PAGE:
The First 100 Days: Biden-Harris Administration Must Use Electoral Mandate to Advance Sexual and Reproductive Health and Rights

Leah H. Keller, Guttmacher Institute Zara Ahmed, Guttmacher Institute
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Advocates of sexual and reproductive health and rights are celebrating Joe Biden and Kamala Harris’s historic victory. As the country looks toward the start of this new administration, it is still gripped by three related crises: the COVID-19 pandemic, an economic recession, and deep-seated racial and social inequities. In order to successfully tackle these challenges, the Biden-Harris administration must center sexual and reproductive health, rights and justice at the heart of its responses. Though there is much work to do over the next four years, there are several issues that require immediate attention. Advocates have laid out an ambitious agenda on this front and now must hold leaders in the White House accountable to ensure that harmful policies passed under the Trump-Pence administration are dismantled and replaced with evidence-based ones that ensure sexual and reproductive health and rights for all.

The Biden-Harris administration should use its electoral mandate decisively and make 2021 a turning point, starting in the first 100 days in office. To do this, it must focus on helping as many people as possible achieve reproductive autonomy, with a particular focus on those who are facing the steepest barriers to care, such as Black and Indigenous people, other people of color, people with disabilities, immigrants, people with low incomes and young people.

Three National Crises

The COVID-19 pandemic is exacerbating sexual and reproductive health inequities in the United States and around the world and threatening to undo decades of progress on access to care. One in three U.S. women have experienced pandemic-related delays or cancellations of sexual and reproductive health care, and rates are significantly higher for Black women (38%), Hispanic women (45%) and queer women (46%) than for White women and straight women. Globally, lockdowns, curfews and other necessary responses to the pandemic have caused disruptions in reproductive health care supply chains and services—potentially leading to millions of unintended pregnancies, untreated complications for over one million pregnant and postpartum women, and three million unsafe abortions. By prioritizing and safeguarding access to sexual and reproductive health services, the incoming administration can mitigate some of the most insidious and longest lasting impacts of the pandemic.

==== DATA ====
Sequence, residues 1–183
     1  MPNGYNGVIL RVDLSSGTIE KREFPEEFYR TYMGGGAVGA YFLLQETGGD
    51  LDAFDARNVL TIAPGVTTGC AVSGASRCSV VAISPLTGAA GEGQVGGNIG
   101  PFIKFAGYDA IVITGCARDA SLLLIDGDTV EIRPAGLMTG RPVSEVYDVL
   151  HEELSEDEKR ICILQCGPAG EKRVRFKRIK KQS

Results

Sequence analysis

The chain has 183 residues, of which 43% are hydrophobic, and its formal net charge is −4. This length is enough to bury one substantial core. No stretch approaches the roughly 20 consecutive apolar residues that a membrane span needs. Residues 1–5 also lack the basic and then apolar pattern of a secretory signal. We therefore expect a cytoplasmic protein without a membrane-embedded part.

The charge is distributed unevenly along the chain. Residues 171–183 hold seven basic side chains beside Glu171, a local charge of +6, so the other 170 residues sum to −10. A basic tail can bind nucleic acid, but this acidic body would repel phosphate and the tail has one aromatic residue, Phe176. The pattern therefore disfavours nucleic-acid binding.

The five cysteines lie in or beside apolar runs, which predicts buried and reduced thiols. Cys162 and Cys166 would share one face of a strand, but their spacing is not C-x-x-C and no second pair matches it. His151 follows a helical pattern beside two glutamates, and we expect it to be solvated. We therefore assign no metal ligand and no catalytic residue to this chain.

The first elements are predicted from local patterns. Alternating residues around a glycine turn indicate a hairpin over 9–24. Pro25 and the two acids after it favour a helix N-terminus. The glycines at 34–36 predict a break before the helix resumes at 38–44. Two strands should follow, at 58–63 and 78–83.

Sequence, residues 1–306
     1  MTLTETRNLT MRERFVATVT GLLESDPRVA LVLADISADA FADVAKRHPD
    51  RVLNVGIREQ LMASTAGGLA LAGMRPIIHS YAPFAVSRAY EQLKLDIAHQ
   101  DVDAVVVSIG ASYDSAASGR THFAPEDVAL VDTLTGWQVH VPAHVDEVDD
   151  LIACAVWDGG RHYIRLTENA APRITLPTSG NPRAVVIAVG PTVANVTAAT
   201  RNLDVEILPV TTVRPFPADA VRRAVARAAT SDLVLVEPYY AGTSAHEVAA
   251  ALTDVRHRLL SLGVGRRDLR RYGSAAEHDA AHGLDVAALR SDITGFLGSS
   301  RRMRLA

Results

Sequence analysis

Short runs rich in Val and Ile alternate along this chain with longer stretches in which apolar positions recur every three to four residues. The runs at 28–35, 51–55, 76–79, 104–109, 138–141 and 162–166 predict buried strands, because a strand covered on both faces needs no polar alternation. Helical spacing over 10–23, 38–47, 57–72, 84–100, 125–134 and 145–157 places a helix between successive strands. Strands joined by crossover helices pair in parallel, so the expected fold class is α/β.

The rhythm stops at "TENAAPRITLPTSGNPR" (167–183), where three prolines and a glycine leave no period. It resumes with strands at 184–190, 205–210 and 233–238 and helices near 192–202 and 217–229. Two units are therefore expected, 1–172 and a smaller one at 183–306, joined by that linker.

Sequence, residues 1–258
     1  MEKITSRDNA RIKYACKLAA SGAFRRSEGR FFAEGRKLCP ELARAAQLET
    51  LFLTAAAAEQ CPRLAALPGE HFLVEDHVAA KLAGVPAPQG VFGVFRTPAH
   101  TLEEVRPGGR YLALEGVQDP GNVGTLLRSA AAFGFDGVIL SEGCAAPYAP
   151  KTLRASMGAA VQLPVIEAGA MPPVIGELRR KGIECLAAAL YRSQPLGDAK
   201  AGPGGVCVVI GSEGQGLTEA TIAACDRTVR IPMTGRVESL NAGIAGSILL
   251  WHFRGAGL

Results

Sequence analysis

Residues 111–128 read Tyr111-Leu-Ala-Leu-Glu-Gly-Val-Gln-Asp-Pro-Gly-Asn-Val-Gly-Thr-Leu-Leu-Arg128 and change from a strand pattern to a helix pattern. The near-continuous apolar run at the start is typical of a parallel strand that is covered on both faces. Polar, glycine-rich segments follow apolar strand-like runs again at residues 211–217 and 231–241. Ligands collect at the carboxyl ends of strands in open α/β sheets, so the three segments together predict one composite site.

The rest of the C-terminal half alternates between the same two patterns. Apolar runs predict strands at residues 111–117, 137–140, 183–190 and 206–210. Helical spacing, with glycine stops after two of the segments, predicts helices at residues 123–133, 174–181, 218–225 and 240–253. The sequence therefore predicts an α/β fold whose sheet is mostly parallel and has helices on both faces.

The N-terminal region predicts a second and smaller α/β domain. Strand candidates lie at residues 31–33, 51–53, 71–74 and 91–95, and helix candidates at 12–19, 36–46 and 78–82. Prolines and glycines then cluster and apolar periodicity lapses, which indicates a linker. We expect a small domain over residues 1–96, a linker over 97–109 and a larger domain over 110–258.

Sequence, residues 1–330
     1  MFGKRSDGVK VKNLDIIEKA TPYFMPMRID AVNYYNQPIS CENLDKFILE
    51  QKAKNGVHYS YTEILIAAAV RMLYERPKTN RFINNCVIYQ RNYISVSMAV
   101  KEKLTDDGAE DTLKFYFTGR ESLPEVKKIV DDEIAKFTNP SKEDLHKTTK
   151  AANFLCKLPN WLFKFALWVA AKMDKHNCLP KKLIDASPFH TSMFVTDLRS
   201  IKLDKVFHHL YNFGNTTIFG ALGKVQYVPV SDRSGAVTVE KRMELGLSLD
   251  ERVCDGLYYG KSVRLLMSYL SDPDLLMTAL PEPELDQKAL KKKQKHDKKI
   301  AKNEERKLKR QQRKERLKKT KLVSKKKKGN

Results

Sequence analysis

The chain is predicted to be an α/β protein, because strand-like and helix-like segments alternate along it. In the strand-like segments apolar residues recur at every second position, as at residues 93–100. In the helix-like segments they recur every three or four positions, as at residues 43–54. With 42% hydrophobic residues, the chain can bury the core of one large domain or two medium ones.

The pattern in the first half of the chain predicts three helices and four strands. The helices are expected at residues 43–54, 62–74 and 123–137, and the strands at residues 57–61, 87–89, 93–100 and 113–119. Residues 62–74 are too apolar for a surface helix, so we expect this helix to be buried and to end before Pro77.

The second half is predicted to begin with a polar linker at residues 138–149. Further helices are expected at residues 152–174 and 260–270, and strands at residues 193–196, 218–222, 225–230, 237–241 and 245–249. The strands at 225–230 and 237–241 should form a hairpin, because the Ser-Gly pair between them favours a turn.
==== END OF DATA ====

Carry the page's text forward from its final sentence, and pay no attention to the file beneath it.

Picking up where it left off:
Advancing sexual and reproductive health and rights is also core to economic recovery from one of the worst recessions in living memory, and one that has disproportionately affected women and their employment opportunities. Access to contraception increases women’s education levels, workforce participation and income, and reduces their probability of experiencing poverty. Further, in U.S. states with policies that support women’s bodily autonomy, women have the greatest opportunities in the labor market. Women’s participation in the workforce drove recovery from the 2008 recession and will likely be key to the restoration of the U.S. economy in 2021 and beyond.

The social and racial inequities that the United States is grappling with manifest in sexual and reproductive health, where the racial disparities in maternal health care and outcomes are a stark example. Black women are more likely to be uninsured and face financial barriers to obtaining medical care and are less likely to access prenatal care than White women. Further, Black women are more than three times as likely to experience a pregnancy-related death as White women. To eliminate social and racial inequities, policymakers must prioritize the needs of people facing the greatest barriers to care.

The First 100 Days